“I would not be doing a service to myself, my country, or my children if I sat back knowing that the issues that we have could impact national security,” Newbold said adding she’d gone to all the proper channels to address her concerns without success.
As part of its investigation, the oversight committee had previously asked a number of times to speak with “officials in the White House Security Office, but the White House sought to block these witnesses from cooperating with the Committee.” Committee members, hoping to protect her, “was forced to schedule her interview on a weekend, without much notice” to members. She spent a full day Saturday with members “until both Democratic and Republican staff exhausted all of their questions.”
It’s reported that others have corroborated her account but are “too afraid about the risk to their careers to come forward publicly.”
2. The High Level Security Clearance Reversals for Top White House Staffers Was ‘Not in the Best Interest of National Security
In a 10-page summary of the interview with Newbold, she repeated that White House security clearance applications “were not always adjudicated in the best interest of national security.”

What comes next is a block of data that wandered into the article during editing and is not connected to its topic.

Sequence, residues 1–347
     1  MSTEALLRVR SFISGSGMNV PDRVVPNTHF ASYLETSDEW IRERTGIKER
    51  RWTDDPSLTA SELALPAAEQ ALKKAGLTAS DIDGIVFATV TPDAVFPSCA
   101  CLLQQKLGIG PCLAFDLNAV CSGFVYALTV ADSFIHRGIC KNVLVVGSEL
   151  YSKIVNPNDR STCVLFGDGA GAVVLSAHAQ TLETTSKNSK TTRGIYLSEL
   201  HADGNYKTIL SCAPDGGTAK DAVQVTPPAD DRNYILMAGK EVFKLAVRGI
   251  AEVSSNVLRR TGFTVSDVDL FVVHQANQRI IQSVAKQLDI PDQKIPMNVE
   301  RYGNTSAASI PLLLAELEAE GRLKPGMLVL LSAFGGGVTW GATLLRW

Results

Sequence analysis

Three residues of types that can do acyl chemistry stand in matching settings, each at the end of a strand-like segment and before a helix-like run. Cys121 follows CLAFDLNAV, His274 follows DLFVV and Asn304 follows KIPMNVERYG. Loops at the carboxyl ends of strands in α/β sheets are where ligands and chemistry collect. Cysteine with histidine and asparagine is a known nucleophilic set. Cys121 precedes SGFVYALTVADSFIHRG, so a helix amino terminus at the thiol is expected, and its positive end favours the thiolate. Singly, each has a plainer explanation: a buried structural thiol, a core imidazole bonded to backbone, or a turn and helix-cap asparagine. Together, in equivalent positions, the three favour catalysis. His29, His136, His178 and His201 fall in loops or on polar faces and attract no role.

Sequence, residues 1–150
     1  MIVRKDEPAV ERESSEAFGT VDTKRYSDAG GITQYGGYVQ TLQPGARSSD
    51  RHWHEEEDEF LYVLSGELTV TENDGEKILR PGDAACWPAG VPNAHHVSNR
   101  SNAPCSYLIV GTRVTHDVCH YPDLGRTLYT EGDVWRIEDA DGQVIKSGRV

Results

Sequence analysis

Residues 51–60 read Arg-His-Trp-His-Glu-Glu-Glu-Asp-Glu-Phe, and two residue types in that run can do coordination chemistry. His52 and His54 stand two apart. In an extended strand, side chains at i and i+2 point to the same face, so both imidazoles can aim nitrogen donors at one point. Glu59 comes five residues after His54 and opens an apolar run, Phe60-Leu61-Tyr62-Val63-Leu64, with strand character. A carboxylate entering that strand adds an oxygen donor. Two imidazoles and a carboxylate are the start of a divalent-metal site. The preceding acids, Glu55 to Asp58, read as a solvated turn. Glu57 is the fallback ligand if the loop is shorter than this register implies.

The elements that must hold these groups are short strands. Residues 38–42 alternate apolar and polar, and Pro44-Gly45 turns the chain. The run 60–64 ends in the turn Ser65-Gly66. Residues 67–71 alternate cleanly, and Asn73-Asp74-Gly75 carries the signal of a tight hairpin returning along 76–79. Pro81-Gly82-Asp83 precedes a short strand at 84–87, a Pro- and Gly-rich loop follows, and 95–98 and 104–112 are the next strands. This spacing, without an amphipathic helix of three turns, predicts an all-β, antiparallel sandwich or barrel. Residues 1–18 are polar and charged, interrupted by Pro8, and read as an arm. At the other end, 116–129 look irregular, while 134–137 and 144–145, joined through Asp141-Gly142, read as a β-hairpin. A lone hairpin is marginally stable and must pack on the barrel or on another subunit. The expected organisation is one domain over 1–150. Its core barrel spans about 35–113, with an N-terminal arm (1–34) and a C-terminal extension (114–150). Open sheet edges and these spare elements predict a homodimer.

Newbold told legislators that “she and other career officials adjudicated denials of applications for multiple security clearances that were later overturned by senior officials in order to grant the employees access to classified information.”
In other words, she was one of the staff to turn down applications only to see those decisions overruled.
She said that she began to keep a list in 2018 of White House staff whose denials were reversed. Her list now numbers 25 and includes, the memo reads, “two current senior White House officials, as well as contractors and individuals throughout different components of the Executive Office of the President.”
Meanwhile, in a breaking development, Committee GOP members say she “provided little direct knowledge …” especially about the high-level staffers whose clearances were changed.
Republican members of the committee said Democrats have “cherry-picked” her statements and are “misusing to manufacture a misleading narrative that the trump White House is reckless with our national security.”
3. Kline & the Questionable Security Clearance Overrides for ‘Senior White House Officials 1, 2, & 3’
Newbold described specific cases where “she and other adjudicators issued denials of security clearances for very senior White House officials, but were later overruled.”